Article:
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  • 8.
    Forsgärde, Elin-Sofie
    et al.
    Linnaeus University, Faculty of Health and Life Sciences, Department of Health and Caring Sciences.
    Svensson, Anders
    Linnaeus University, Faculty of Health and Life Sciences, Department of Health and Caring Sciences.
    Sand, Gustav
    Perceptions of Learning Related to the Use of a New Interactive 360 Degrees Video Trauma Exercise2018In: 3rd Global Conference on Emergency Nursing & Trauma Care 4-6 October 2018, Noordwijkerhout, The Netherlands, 2018Conference paper (Other (popular science, discussion, etc.))
  • 9.
    Herault, Romain Christian
    et al.
    Linnaeus University, Faculty of Technology, Department of computer science and media technology (CM).
    Lincke, Alisa
    Linnaeus University, Faculty of Technology, Department of computer science and media technology (CM).
    Milrad, Marcelo
    Linnaeus University, Faculty of Technology, Department of computer science and media technology (CM).
    Forsgärde, Elin-Sofie
    Linnaeus University, Faculty of Health and Life Sciences, Department of Health and Caring Sciences.
    Elmqvist, Carina
    Linnaeus University, Faculty of Health and Life Sciences, Department of Health and Caring Sciences.
    Using 360-degrees interactive videos inpatient trauma treatment education: design, development and evaluationaspects2018In: Smart Learning Environments, E-ISSN 2196-7091, Vol. 5, article id 26Article in journal (Refereed)
    Abstract [en]

    Extremely catastrophic situations are rare in Sweden, which makes training opportunities important to ensure competence among emergency personnel who should be actively involved during such situations. There is a requirement to conceptualize, design, and implement an interactive learning environment that allows the education, training and assessment of these catastrophic situations more often, and in different environments, conditions and places. Therefore, to address these challenges, a prototype system has been designed and developed, containing immersive, interactive 360-degrees videos that are available via a web browser. The content of these videos includes situations such as simulated learning scenes of a trauma team working at the hospital emergency department. Various forms of interactive mechanisms are integrated within the videos, to which learners should respond and act upon. The prototype was tested during the fall term of 2017 with 17 students (working in groups), from a specialist nursing program, and four experts. The video recordings of these study sessions were analyzed and the outcomes are presented in this paper. Different group interaction patterns with the proposed tool were identified. Furthermore, new requirements for refining the 360-degrees interactive video, and the technical challenges associated with the production of this content, have been found during the study. The results of our evaluation indicate that the system can provide the students with novel interaction mechanisms, to improve their skills, and it can be used as a complementary tool for the teaching and learning methods currently used in their education process.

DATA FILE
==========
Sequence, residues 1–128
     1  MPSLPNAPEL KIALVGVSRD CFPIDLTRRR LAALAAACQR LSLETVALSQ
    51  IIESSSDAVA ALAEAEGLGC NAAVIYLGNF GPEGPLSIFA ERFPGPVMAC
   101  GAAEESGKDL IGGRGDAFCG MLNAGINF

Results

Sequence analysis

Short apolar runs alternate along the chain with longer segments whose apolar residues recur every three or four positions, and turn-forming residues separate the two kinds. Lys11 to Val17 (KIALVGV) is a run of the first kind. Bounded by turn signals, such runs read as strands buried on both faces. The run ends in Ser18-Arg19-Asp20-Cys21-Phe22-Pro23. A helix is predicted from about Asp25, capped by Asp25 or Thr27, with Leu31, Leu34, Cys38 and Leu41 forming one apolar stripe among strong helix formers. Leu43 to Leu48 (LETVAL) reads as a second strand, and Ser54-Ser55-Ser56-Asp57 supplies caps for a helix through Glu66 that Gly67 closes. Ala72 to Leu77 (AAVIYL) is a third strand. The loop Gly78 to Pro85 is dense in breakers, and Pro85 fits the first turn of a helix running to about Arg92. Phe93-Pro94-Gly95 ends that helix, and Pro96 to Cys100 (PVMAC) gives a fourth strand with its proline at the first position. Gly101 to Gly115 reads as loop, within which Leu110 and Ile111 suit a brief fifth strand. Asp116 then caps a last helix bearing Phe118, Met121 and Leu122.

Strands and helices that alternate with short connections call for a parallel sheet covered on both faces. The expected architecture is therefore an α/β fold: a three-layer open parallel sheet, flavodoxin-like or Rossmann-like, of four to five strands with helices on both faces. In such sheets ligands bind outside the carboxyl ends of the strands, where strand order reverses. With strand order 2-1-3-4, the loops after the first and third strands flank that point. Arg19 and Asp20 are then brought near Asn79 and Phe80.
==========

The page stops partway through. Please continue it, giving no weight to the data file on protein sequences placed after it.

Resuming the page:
• 10.
    Herault, Romain Christian
    et al.
    Linnaeus University, Faculty of Technology, Department of computer science and media technology (CM).
    Lincke, Alisa
    Linnaeus University, Faculty of Technology, Department of computer science and media technology (CM).
    Milrad, Marcelo
    Linnaeus University, Faculty of Technology, Department of computer science and media technology (CM).
    Forsgärde, Elin-Sofie
    Linnaeus University, Faculty of Health and Life Sciences, Department of Health and Caring Sciences.
    Elmqvist, Carina
    Linnaeus University, Faculty of Health and Life Sciences, Department of Health and Caring Sciences.
    Svensson, Anders
    Linnaeus University, Faculty of Health and Life Sciences, Department of Health and Caring Sciences.
    Design and Evaluation of a 360 Degrees Interactive Video System to Support Collaborative Training for Nursing Students in Patient Trauma Treatment2018In: 26TH INTERNATIONAL CONFERENCE ON COMPUTERS IN EDUCATION (ICCE 2018) / [ed] Yang, JC Chang, M Wong, LH Rodrigo, MMT, Asia-Pacific Society for Computers in Education, 2018, p. 298-303Conference paper (Refereed)